Wednesday, January 27, 2010

It's all about boundaries

Fig3-8
Figure 3.8. (a) Adenine (C5H5N5) in a liquid drop of 246 water molecules. (b) Adenine in a periodic box of 511 water molecules.
From Molecular Modeling Basics CRC Press, May 2010.

Conceptually, the simplest way of simulating a molecule in solution is to place it in the middle of a roughly spherical ball of water molecules (Figure 3.8a) and perform an molecular dynamics simulation.

One problem is this approach is that the drop would eventually evaporate if the simulation is run long enough. Another problem with the liquid drop model is that the water molecules at the surface of the drop do not behave like water molecules in liquid water.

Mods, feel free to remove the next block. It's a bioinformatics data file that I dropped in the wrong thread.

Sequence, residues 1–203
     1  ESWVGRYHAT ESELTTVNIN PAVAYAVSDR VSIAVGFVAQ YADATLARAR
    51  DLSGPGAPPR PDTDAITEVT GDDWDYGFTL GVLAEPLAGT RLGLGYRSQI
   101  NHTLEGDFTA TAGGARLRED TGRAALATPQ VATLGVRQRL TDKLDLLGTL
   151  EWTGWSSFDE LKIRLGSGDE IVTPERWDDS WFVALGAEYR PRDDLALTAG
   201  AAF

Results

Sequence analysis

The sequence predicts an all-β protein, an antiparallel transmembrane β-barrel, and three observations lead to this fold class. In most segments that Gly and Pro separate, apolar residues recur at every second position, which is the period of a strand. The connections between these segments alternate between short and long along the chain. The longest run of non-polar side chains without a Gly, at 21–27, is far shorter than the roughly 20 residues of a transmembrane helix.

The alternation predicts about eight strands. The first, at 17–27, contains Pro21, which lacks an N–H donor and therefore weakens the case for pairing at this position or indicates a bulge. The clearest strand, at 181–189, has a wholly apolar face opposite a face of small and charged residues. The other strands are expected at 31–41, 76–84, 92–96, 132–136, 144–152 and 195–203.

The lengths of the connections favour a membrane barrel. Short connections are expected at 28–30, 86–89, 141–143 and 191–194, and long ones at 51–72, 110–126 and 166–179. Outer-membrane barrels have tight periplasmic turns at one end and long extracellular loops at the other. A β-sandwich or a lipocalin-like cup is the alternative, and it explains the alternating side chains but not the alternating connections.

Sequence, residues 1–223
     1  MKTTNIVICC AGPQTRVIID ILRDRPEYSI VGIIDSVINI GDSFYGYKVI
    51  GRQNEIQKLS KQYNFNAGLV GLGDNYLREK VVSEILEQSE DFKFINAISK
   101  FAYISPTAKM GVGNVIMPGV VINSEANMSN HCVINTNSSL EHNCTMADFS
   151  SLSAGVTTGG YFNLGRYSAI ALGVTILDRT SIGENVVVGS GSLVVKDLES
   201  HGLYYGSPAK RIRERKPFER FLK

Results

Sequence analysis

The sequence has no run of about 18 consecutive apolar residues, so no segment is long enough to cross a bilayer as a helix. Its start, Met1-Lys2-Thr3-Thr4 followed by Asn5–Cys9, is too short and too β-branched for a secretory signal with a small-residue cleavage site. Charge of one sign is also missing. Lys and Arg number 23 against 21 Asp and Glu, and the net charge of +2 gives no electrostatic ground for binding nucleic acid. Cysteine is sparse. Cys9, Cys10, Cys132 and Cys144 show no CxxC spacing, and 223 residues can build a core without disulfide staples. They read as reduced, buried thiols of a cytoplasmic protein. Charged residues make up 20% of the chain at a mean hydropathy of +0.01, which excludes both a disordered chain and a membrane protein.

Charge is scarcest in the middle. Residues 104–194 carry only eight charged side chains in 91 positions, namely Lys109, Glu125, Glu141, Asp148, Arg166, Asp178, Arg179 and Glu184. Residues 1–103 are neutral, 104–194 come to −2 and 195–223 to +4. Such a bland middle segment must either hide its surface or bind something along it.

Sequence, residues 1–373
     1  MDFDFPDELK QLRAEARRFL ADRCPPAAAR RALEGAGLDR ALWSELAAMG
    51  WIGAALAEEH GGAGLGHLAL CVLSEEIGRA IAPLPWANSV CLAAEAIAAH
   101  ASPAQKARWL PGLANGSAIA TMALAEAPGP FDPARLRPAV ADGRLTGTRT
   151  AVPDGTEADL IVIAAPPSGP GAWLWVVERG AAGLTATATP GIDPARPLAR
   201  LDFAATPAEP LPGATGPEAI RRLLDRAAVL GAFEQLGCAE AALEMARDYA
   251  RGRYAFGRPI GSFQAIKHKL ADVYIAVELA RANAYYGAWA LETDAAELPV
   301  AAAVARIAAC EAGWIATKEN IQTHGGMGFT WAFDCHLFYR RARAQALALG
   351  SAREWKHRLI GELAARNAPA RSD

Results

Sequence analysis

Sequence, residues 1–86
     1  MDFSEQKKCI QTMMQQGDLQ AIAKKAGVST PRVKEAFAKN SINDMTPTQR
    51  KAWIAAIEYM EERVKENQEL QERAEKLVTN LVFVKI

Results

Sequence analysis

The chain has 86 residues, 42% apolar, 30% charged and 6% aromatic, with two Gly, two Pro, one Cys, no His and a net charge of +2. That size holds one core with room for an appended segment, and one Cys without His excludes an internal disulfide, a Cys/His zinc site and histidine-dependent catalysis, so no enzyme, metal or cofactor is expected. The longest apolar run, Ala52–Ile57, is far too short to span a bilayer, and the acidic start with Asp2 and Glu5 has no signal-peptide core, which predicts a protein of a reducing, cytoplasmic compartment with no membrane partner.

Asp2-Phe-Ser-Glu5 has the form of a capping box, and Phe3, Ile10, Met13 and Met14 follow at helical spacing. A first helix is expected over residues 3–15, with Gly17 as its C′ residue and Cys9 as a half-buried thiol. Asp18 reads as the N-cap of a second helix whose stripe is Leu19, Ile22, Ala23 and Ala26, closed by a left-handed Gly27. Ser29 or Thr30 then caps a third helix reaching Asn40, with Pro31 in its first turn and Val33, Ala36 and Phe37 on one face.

Therefore, most explicit solvation simulations use periodic boundary conditions (Figure 3.9).

Fig3-9
Figure 3.9. Sketch of periodic boundary in two dimensions: (a) The position of the particles in the central box are copied and placed in neighboring boxes. Figure 3.8b shows a cube from a real simulation. (b) When a molecule tries to leave the box during an MD simulation, it reappears at the opposite end of the box, so the number of particles in the central box stays constant.
From Molecular Modeling Basics CRC Press, May 2010.

You can find interactive versions of Figures 3.8a and 3.9b here (I am grateful to Kestutis Aidas for providing the coordinates).

Click on the picture for an interactive version
Click on the picture for an interactive version

And you can find an animated version of Figure 3.9 here (an example of where a movie really is worth 10,000 words).


The animation was made with Molecular Workbench (MW). You can play with the simulation here or you can download the MW file here (after you gave installed MW).
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